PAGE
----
She released Food Forward NYC, the city’s first-ever 10-year food policy plan, which lays out a comprehensive policy framework to reach a more equitable, sustainable, and healthy food system by 2030. She leads the City’s Good Food Purchasing commitments, focused on increasing access to healthy, sustainable foods for the over 230 million meals and snacks served daily by City agencies, from public schools to senior centers. Through this work, information about the city’s food procurements is publicly available using a dashboard that uses metrics to track agency level progress, including the City’s commitment to decrease the carbon footprint of its food purchases 33% by 2030.
She led the city’s interagency COVID-19 food response to ensure that no New Yorker experiences hunger due to the pandemic. She also oversaw the development of Groceries to Go, the City’s first nutrition security program that provides New Yorkers with an online electronic voucher to buy healthy foods from local businesses.
Kate is a recognized leader with over two decades of experience building food security and broader anti-poverty solutions in New York City and nationally. She comes to the Mayor’s Office after nearly two decades in non-profit and academia.
Kate holds a master’s degree in Public Health Nutrition from Columbia University and a bachelor’s degree in Nutritional Sciences from Cornell University. She is also a registered dietician.
Mario Herrero is a professor of sustainable food systems and global change in the Department of Global Development, a Cornell Atkinson Scholar, and a Nancy and Peter Meinig Family Investigator in the Life Sciences. His research focuses on increasing the sustainability of food systems for the benefit of humans and ecosystems. He works in the areas of sustainable food systems, climate mitigation and adaptation, livestock systems, healthy diets, food systems modelling and environmental metrics. Mario is a regular contributor to important global initiatives at the heart of the sustainability of global food systems, such as the Intergovernmental Panel on Climate Change, the UN Food Systems Summit, the Lancet Commission on Obesity and the EAT-Lancet Commission on healthy diets from sustainable food systems. He has worked extensively in Africa, Latin America and Asia.
Dr. Cary Fowler is perhaps best known as the “father” of the Svalbard Global Seed Vault, which UN Secretary General Ban Ki-Moon described as an “inspirational symbol of peace and food security for the entire humanity.” This facility provides ultimate security for more than 1 million unique crop varieties, the biological foundation of agriculture and the raw material for all future plant breeding and crop improvement efforts.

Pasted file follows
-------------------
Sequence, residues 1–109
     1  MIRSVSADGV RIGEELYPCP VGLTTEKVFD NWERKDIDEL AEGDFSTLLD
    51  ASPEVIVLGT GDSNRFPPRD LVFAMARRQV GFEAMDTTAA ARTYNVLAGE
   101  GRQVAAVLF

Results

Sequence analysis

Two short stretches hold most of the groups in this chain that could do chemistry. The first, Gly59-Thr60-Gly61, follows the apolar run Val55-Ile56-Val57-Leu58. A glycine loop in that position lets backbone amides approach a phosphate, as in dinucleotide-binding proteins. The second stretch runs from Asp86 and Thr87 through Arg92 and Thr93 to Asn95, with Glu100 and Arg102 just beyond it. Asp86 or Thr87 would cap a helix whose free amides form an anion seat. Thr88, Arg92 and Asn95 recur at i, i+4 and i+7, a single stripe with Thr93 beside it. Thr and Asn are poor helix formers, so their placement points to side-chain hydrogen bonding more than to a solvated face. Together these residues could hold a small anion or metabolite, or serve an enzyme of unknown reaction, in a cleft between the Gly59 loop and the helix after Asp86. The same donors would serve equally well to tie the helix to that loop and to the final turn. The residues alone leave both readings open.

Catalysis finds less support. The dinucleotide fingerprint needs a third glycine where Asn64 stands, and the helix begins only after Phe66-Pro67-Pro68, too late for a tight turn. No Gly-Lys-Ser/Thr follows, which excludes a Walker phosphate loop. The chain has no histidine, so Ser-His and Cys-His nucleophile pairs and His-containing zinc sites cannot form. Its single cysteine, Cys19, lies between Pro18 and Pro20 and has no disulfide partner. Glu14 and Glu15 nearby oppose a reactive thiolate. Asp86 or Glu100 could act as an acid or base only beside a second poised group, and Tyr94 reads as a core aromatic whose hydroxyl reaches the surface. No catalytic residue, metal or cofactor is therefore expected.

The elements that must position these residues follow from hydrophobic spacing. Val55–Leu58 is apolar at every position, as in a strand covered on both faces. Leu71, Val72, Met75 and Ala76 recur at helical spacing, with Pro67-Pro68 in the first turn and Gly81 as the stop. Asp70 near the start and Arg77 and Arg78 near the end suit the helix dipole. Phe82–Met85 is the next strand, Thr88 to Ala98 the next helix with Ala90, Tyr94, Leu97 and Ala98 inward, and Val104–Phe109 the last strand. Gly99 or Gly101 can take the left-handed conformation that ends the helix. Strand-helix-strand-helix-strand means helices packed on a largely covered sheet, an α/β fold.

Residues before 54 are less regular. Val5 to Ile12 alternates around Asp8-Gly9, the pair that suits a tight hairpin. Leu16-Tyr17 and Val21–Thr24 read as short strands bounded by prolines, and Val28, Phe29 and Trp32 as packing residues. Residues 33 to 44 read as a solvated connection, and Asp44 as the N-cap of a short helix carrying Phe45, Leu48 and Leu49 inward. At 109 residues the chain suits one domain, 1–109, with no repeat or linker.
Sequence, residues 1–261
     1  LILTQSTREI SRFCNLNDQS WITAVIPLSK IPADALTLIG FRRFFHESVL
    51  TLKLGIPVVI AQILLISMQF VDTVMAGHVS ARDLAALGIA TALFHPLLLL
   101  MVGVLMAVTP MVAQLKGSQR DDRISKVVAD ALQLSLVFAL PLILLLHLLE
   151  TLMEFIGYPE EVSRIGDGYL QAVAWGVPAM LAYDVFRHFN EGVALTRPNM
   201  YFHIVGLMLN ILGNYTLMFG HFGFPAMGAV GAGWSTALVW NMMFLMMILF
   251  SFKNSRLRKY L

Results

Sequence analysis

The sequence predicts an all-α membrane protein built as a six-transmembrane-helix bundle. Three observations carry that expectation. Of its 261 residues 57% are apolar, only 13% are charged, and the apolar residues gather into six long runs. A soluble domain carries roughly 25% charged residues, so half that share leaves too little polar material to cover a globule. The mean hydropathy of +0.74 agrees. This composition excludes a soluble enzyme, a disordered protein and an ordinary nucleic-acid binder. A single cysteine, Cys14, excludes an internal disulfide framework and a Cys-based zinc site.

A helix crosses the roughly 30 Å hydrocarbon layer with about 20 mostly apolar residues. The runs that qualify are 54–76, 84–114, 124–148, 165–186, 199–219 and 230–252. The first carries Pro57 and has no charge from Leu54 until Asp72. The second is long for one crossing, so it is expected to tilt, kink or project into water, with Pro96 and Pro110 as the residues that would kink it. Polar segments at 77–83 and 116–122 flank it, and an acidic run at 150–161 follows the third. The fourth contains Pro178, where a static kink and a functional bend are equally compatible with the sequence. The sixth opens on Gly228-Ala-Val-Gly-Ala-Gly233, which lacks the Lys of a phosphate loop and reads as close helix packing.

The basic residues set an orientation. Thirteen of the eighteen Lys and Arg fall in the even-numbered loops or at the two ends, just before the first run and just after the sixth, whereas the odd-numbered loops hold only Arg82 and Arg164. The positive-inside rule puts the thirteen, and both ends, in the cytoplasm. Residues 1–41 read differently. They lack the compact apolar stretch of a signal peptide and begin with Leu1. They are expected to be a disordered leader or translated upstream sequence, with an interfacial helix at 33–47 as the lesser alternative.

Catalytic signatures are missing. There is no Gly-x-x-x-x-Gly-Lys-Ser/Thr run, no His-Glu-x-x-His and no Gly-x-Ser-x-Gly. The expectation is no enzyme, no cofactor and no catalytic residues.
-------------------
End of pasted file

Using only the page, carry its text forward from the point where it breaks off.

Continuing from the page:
Dr. Fowler is the former Executive Director of the Global Crop Diversity Trust, an international organization cosponsored by Food and Agriculture Organization of the UN (FAO) and the Consultative Group on International Agricultural Research (CGIAR). Prior to leading the Crop Trust, he was a Professor at the Norwegian University of Life Sciences, and a senior staff member of Bioversity International. Earlier, he oversaw the UN’s first global assessment of the State of the World’s Plant Genetic Resources. He was responsible for drafting and negotiating the first FAO Global Plan of Action on the Conservation and Sustainable Utilization of Plant Genetic Resources, formally adopted by 150 countries in 1996. Following this, Dr. Fowler twice served as Special Assistant to the Secretary General of the World Food Summit and represented the CGIAR in the multi-year negotiations on the International Treaty on Plant Genetic Resources. In 2015, Dr. Fowler was appointed to the Board for International Food and Agricultural Development by President Obama. He is a former board member of the International Maize and Wheat Improvement Center, and former chair of the Livestock Conservancy.
Dr. Fowler has been recognized with several honorary doctorates and many awards including the Thomas Jefferson Award for Citizen Leadership, the Heinz Award, the Meyer Medal from the Crop Science Society of America, the Wm. Brown Award from the Missouri Botanical Garden, and the Proctor Medal from the Garden Clubs of America. He has been profiled by The New Yorker, on CBS 60 Minutes, CBS Sunday Morning and other media, and is the subject of the documentary film, Seeds of Life.
Born and raised in Tennessee, Cary Fowler served as the Chair of the Board of Trustees of Rhodes College in Memphis. He earned a B.A. with honors from Simon Fraser University in Canada, and his Ph.D. from Uppsala University in Sweden.